Today's episode is the second of three crossover episodes with Sound-Up Governance, a new podcast that's part of the Ground-Up Governance platform (www.groundupgovernance.com). In this one, Matt Fullbrook speaks with Lieutenant Colonel Jamahl Evans of the United States Marine Corps about what duty and accountability mean in his world.
Welcome back to Sound-Up Governance. One of the most common conversations I have with boards of directors and senior executives is about to whom they owe a duty. On the surface, it seems like a simple question, but most of the time, everyone in the room has a different idea of what "duty" even means. So the question of where your duty lies takes a lot more work to explore than most people expect. And when you add in the difference between duty and accountability, plus when and to whom you can delegate duties and accountability. Let's just say it gets tricky, fast. This week's guest is Lieutenant Colonel Jamahl Evans of the United States Marine Corps. In addition to his extraordinary military career, Jamahl is also a corporate governance enthusiast. As you might imagine, duty and accountability are baked pretty deep into everything that goes on in the Marines. But before we dive into that, I'll let Jamahl explain exactly what his job is because it's pretty neat.
I am currently a Lieutenant Colonel in the United States Marine Corps. And what I do in the Marine Corps is financial management. I'm a financial management officer. That's what we call a Military Occupational Specialty, or MOS for short. In that capacity, I'm responsible for the planning and execution and oversight of my command's budget. Now, that's just the MOS piece. As I like to tell my Marines, your MOS is your job. Marine is your profession. So for me, my profession, and my first duty is being a Marine. And that means ensuring that my Marines and I are deployment ready and combat capable at all times. The section that I manage - my full title would be Assistant Chief of Staff, G-8 Comptroller - so that's a section and we've got about 14 Marines in there. So those are the Marines who are directly responsible and accountable to me to make sure that we're doing our financial management functions properly. Outside of that, external to us, are adjacent staff sections, and subordinate commands within the organization with whom we have to work to manage resources: make sure that we're that we've got enough resources and that we're using the resources we have properly.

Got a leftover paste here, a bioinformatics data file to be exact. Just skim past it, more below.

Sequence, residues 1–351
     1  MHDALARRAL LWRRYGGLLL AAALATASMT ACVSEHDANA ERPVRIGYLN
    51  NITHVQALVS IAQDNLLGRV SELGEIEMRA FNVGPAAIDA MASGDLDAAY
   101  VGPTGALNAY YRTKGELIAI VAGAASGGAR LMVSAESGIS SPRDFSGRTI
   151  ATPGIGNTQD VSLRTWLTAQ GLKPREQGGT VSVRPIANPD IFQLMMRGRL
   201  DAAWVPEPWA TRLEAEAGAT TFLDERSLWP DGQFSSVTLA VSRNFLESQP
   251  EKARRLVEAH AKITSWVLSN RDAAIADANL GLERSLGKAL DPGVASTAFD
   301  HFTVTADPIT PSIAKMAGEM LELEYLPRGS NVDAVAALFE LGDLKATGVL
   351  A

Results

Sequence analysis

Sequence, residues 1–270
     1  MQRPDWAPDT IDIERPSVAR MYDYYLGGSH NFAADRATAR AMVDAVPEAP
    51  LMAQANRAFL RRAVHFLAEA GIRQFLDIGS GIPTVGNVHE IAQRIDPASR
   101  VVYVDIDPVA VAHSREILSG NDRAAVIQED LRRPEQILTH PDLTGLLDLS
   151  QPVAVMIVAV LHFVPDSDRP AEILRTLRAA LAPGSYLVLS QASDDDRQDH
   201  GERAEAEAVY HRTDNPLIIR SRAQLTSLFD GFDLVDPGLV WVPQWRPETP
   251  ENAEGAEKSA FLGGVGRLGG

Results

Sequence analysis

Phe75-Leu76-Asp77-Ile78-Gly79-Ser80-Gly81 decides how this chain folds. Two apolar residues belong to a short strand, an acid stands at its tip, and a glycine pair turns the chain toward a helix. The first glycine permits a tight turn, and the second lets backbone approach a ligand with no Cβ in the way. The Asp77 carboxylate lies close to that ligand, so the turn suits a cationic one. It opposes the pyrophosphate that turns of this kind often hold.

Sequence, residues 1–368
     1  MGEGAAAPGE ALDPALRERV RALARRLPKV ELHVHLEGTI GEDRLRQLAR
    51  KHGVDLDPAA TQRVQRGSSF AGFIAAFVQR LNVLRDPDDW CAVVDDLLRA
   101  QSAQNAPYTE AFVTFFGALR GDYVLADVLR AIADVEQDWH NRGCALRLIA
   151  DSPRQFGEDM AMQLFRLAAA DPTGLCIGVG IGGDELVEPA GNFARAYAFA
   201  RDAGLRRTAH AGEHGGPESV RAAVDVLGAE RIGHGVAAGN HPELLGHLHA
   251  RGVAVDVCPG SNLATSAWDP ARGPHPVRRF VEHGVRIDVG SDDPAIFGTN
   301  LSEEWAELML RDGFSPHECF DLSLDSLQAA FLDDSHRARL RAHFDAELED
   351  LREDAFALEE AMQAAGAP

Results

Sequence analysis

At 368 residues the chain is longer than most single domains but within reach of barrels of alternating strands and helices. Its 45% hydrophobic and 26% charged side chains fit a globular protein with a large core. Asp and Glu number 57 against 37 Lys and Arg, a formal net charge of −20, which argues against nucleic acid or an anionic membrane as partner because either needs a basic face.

Now, I'm going to assume that many of you listening are as ignorant about the hierarchy of the Marines as I am, where exactly does the rank of Lieutenant Colonel fit in the organizational chart?
So as a Lieutenant Colonel, I'm what's called a field grade officer, and there are three levels to that. So it's Major, which is what I was before, Lieutenant Colonel, what I am now, and Colonel, what I aspire to be promoted to in future. Beyond the field grade ranks, are the General or the flag officer ranks, so Brigadier General, Major General, Lieutenant General and Four Star General. So right now I am, what you would consider - although I'm senior to several other ranks - I'm still right smack in the middle of the of the officer and organizational hierarchy. So every promotion, you're getting greater responsibility. And they are also greater opportunities to which you can be assigned. So as what's called a company grade officer - those are junior officers: lieutenants, and captains - you're going to have significant responsibility already. When you become a field grade officer. What's interesting is, now you are a little further away from the junior Marines, and a little more responsible for organizational management. Beyond just making sure your Marines are trained, making sure they're taken care of making sure they're showing up on time and doing their job, now you are responsible for really understanding organizational poli